Ultimately the hardest thing about moving to Puerto Rico was giving up my career in publishing, for the slow paced life of not a whole lot. Trust me, at the time I COULD NOT WAIT to quit the deadline oriented world, and slip over to the other side of the fence where the grass was sure to be greener, and the onions, oniony-er. The grass was pretty damn green, but at the same time super hard not to beat yourself up about being unemployed. However, I was (and still am) employed. I was able to find an opportunity I could do remotely from PR, that legit saved my sanity. Was it something I went to college for, and wrote middle school essays about what I would be when I grew up? Um. nope. But, it gave me purpose, and a reason to wake up every day, other than going to the beach alone again. (Tough life, I know, but being bored and lonely still sucks, even in paradise.)
Now that I’m back in Florida, I’ve come to terms that giving up my career in 2014, was basically career suicide. There’s no “hopping back in” at this point. I need to start from the bottom again. I’m almost 30, and that just seems, nope. I can’t, I’m too proud. I’m not an intern. But am I? Maybe now, now is the time to find a new career path. There’s nothing wrong with that, but for a military spouse, it’s not that cut and dry. Although we should be here for a few more years, that time frame is never guaranteed. When looking for a new job, a new career, a new, purpose if you will, you have to take that into consideration. Ideally, you’d find a job you love that you can easily take with you next time you PCS outta dodge. Realistically? That’s not going to happen. So, as I peruse the job search sites, field calls from recruiters, and consider going back to school, I have to take all of these things into consideration. Is there room for growth? Is there room for enough growth to be fulfilling in the next few years? Is this a big company that I can transfer easily? Do they offer virtual positions? If I went back to school, could I finish before we PCS again? I wont bore you with what it’s like to job hunt, because everyone has been there at some point, and it’s exhausting, but I feel like not enough people think about what it’s like for the spouse of that ever-so-praised active duty military personnel. No. I do not think I deserve a metal like the men and women of the military, or even a damn cookie for that matter, but maybe just a little bit of credit for why I am where I am in life. Honestly, I’m the only one that can give myself that “credit” that I’m looking for, because this so-called “struggle” is really made up in my own head. Maybe that’s also an excuse on my end. But it’s a valid one in my opinion, and this is my blog and I’ll say what I want!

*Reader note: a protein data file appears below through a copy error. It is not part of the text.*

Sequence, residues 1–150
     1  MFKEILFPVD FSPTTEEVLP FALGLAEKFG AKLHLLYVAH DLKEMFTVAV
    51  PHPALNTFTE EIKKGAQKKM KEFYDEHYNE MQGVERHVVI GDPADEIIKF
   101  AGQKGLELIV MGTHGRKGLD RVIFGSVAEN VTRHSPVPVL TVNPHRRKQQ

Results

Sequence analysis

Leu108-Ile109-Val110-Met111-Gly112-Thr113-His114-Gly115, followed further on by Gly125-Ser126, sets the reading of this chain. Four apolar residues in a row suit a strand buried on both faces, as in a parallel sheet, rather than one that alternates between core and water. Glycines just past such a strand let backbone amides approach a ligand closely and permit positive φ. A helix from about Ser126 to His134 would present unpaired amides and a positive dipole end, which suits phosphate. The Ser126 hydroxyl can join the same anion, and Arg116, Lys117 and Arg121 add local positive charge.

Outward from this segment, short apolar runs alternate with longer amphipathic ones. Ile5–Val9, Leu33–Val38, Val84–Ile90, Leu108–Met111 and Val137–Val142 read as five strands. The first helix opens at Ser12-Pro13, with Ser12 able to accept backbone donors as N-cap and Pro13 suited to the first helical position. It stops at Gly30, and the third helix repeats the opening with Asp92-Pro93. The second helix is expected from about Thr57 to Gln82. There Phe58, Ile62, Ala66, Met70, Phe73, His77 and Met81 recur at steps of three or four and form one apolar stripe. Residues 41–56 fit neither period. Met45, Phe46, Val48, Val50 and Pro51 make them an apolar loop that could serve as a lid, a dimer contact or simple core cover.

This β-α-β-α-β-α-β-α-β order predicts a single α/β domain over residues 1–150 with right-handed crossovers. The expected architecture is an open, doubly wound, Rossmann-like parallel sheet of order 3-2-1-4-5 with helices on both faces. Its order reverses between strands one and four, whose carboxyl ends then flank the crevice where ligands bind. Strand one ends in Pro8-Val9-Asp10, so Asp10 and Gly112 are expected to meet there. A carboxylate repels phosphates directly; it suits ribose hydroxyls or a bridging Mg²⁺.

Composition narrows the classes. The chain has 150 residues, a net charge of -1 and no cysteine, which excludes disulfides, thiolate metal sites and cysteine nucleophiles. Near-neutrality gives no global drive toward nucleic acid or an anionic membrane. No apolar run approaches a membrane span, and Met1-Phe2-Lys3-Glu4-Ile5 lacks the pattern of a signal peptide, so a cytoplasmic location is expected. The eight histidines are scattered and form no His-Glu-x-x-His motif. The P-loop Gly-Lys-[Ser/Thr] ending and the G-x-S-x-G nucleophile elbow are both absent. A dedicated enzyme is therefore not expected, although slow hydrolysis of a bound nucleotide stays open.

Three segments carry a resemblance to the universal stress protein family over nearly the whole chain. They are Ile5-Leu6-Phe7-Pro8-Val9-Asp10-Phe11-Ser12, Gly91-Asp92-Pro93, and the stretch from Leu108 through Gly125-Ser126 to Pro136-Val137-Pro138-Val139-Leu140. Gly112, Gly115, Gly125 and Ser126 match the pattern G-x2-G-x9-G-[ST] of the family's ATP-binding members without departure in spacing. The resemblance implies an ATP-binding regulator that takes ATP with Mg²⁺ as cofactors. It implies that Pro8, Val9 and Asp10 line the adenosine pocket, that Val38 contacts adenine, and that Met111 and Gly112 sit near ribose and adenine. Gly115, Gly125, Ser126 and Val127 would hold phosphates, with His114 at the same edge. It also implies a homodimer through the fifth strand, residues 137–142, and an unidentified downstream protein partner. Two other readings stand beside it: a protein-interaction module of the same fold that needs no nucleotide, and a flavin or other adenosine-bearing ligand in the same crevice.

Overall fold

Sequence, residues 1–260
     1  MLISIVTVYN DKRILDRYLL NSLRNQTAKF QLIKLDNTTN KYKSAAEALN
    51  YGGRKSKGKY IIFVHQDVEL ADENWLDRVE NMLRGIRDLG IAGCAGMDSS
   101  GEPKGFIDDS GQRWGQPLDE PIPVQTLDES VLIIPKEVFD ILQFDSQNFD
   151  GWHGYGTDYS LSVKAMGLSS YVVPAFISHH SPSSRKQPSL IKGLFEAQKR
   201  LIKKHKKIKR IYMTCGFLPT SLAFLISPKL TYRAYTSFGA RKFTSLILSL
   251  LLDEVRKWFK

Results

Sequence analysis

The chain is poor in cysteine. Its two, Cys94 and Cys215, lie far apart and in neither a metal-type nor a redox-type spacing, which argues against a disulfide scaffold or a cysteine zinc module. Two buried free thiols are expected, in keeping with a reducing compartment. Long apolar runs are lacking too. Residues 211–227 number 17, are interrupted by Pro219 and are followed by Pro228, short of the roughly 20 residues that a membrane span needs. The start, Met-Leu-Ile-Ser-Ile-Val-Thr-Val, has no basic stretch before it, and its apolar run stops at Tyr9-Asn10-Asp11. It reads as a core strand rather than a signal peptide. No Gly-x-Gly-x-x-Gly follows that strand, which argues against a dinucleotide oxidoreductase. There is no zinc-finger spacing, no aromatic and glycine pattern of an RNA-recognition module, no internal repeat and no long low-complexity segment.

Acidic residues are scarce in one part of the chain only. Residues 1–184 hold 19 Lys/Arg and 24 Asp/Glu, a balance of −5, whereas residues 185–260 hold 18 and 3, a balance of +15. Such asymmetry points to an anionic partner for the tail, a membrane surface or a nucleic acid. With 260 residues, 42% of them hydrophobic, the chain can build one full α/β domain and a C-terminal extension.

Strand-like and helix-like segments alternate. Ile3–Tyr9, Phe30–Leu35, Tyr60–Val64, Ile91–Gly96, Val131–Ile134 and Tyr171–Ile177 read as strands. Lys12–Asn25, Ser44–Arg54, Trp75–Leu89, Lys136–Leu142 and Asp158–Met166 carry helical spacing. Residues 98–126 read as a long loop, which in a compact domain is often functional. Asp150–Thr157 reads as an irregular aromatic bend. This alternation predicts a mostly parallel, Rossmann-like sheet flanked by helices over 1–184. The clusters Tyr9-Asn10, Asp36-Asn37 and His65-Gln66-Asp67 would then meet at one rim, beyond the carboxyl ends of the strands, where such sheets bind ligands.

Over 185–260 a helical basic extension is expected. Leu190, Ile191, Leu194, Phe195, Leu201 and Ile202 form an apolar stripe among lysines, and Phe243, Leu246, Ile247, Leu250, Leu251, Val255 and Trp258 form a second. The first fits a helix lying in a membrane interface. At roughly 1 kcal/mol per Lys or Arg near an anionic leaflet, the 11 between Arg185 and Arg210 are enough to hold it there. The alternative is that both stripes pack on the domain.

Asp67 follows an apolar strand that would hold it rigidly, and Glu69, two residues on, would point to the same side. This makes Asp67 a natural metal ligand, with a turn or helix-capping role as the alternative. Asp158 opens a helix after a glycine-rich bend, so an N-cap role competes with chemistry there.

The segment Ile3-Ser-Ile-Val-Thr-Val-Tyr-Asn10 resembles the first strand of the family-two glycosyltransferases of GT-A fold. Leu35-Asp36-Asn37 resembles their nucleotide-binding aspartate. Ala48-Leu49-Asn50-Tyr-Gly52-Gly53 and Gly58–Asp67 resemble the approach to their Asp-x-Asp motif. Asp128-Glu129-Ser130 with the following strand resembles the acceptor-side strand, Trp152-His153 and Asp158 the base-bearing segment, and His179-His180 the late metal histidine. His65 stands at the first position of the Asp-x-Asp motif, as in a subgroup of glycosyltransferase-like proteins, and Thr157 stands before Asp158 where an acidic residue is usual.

So, for now, I’m peeling back the layers of that onion one at a time, until I peel off the one layer that’s a perfect fit. Taking the good with the bad and making the good even better. And in the meantime, booking some travel while I have the flexibly with my schedule. (See? Making the good even better!) Looking at where I am in life through some grateful colored glasses, that might also be the perfect pink color of Whispering Angel Rosé, and realizing that I can’t compare myself to anyone, but be proud of the people around me for what they’ve accomplished, and realize they may just be looking back at me thinking the same thing — pass the rosé.
XX – B